I’ve been avoiding this question for a long time. Not because I don’t know the answer (honestly the answer hasn’t changed much over the past decade), but because I didn’t believe it was possible. This question has been a source of pain to me, and so I ran away from it. Now, however, I find that the answer is changing. Not entirely, there are some aspects that are still the same, but others have been added, and some have been removed, and the priorities have shifted some I think. So, where do I want to be in five years?
In order of importance:
1) I want to be stronger in my relationship with God. To put a more specific goal on this, I would like to be entering St. Teresa’s sixth mansion. St. Teresa of Avila wrote a book called Interior Castle or The Mansions in which she delineates the spiritual experience of the Christian into seven ‘mansions’ that she describes in depth. At a guess I think that I am somewhere in her third or fourth mansion right now (not sure about that though, it’s a very subjective judgment and I don’t entirely trust myself). In five years I would like to be at least at the doorway to her sixth mansion, if not inside it.
2) I want to be content with wherever God has brought me. This could wind up precluding all of the goals that follow it, honestly. God has taken me many places that I didn’t want to go over the past thirteen years, and I don’t really expect that to stop. However, wherever God has me in fives years, whatever he has me doing, I want to be happy about it. I’ve written before about the fact that happiness has never really been a goal in my life. Well, now I’m making it one. However, as I said then, happiness doesn’t come simply from getting the things I want. I want to have eudaimonia, wherever I am.
3) I want to be married. I’ve said several times that I’m finally happy being single, and that’s true. God has me in a time of romantic solitude at the moment, and I’m finally learning to be okay with that. This is a wonderful thing. However, the desire to have a mate hasn’t left me. I am content to be single, but I still believe that God has someone for me, and that I will find that person someday. I hope that in five years this time of solitude will be over and God will have brought me that person. Maybe not, and if not then see goal number 2, but I hope that he will.
4) I want to be teaching. I’m already teaching, and I love teaching. This is a goal that I’ve already achieved and I don’t want that to change. However, as a sub-goal, I would like to be consistently making $30,000 a year teaching. Given my degrees that’s a little bit harder :P. We’ll see if that’s what God has planned for me. If not, then I think I’m already okay with that. Eudaimonia is not based on income. As another sub-goal, I would like to be out of debt on my credit card (this is actually a short-term goal), and have a significant portion of my student loans paid off.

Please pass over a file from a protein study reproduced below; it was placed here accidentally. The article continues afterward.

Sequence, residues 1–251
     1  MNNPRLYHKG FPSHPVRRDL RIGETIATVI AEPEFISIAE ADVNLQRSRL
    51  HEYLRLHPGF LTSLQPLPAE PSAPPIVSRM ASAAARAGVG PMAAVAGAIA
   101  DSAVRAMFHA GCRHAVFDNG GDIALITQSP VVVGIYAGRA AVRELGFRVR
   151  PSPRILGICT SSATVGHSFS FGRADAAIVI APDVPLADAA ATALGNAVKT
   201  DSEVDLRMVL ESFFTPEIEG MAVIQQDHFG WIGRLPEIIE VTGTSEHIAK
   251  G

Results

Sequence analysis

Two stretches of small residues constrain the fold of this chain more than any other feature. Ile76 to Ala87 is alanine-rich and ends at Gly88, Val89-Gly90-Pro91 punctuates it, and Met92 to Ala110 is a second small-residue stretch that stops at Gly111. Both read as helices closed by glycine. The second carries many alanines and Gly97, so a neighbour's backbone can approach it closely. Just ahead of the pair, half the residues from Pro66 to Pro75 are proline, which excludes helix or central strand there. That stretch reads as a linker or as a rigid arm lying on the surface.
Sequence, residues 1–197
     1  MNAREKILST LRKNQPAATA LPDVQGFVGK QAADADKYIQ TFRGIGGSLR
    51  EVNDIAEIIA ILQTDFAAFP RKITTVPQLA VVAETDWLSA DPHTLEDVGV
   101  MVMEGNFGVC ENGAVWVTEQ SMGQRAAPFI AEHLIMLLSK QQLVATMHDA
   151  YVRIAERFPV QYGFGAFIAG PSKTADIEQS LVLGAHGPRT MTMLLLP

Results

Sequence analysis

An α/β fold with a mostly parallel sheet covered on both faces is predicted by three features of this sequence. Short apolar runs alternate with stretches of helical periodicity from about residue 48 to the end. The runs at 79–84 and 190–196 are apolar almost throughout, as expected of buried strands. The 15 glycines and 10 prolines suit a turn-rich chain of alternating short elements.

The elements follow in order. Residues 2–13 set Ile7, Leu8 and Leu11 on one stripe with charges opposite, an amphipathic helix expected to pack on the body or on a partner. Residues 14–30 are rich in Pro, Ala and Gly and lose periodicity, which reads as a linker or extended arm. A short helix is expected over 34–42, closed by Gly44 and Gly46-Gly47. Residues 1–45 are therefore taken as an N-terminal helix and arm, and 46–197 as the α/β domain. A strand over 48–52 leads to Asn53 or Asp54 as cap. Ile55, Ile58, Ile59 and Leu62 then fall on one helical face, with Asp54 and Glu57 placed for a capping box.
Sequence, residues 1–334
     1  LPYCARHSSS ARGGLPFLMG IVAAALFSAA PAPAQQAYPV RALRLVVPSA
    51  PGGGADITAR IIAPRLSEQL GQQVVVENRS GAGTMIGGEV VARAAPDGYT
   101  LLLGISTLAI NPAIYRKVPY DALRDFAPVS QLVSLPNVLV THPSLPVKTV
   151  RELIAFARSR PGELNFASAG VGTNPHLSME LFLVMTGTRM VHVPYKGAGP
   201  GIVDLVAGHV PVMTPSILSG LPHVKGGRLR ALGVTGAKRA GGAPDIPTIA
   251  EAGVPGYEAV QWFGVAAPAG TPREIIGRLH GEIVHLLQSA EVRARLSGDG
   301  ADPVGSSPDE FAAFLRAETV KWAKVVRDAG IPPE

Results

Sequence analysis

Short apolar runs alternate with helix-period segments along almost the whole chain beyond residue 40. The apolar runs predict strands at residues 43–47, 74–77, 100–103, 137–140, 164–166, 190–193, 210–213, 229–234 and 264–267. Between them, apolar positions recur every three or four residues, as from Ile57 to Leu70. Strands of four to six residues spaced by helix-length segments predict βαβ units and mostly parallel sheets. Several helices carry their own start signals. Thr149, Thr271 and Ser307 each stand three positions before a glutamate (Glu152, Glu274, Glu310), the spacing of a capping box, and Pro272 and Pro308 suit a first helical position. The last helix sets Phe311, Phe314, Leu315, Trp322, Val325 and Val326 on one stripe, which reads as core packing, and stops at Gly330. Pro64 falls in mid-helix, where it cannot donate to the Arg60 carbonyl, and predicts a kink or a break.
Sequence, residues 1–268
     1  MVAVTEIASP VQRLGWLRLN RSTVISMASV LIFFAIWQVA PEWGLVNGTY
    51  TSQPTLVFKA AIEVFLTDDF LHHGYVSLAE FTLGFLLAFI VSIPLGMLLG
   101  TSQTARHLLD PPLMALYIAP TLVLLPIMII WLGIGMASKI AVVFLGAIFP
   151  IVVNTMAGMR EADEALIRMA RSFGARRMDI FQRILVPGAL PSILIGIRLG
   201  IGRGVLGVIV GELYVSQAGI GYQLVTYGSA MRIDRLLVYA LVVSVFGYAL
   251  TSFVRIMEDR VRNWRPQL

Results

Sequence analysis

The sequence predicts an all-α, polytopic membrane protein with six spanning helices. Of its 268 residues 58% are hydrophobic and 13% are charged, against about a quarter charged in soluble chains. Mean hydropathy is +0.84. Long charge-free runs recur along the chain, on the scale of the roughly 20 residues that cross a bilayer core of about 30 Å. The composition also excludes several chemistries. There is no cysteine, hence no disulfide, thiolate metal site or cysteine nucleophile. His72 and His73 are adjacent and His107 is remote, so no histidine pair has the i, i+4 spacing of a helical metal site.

5) I want to be in the middle of a doctoral program. Given my current academic standing I think five years is a realistic goal for this. I am sure that I’ll need to do a second master’s program before I can even be considered for any of the doctoral programs that I want to pursue. However, a two year masters starting say, fall of 2014, would land me in my second year of a doctoral program five years from now, if things go well. Again, I’m not entirely sure if this is where God is taking me. I want it to be, and there are a few people pushing me in this direction, but I’m not sure if it is. If not… well, I guess see goal two above.
So, this is where I want to be in five years. As I said, goals 1 and 2 trump everything else, and I am fully aware that achieving goal 2 might mean giving up goals 3, 4, and 5, but I have peace with that (right now at least). Making long-term plans is, in all honesty, difficult for me. I’ve seen too many plans and goals turn to dust, and I can’t explain how painful that is. Honestly, I’m not even going to try. Still, God has used that pain to make me a better person, a better man, and a better Christian.
Have you ever read the book Dune? It’s a phenomenal novel. Honestly, I’d argue that it’s the best science fiction novel ever written. Anyway, in Dune there is a prayer… well, they call it a prayer, really it’s more of a mantra… that the Bene Gesserit sisters use:
“I will not fear. Fear is the mindkiller. It is the little death that proceeds complete oblivion. I will let my fear pass over me and through me, and I will turn my inner eye to follow its path. When my fear has gone, there will be nothing. Only I will remain.”
I use this mantra on a regular basis, and with a little adaptation it can be equally applied to either physical or spiritual pain:
“I will not hurt. Pain is the mindkiller. It is the little death that leads me to oblivion. I will let my pain pass over me and through me, and I will turn my inner eye to follow its path. When my pain has gone, there will be nothing. Only God will remain.”
God leads us through times of pain and fear in order to stretch us, to grow us, and to draw us to himself. This is, after all, the primary goal of the Christian life, and so I will rely on God to scare me, to hurt me, and to take care of me when he does. I want to achieve the goals that I’ve listed above. They represent my hearts deepest desires. I often think of them as roses that I’ve sheltered and cared for through many terrible storms. Honestly, there have been times when they withered to the point that I thought they would die, but slowly, and with a lot of help, they’ve always been nurtured back to health. However, I have yet to see them bloom, and I truly, deeply want to.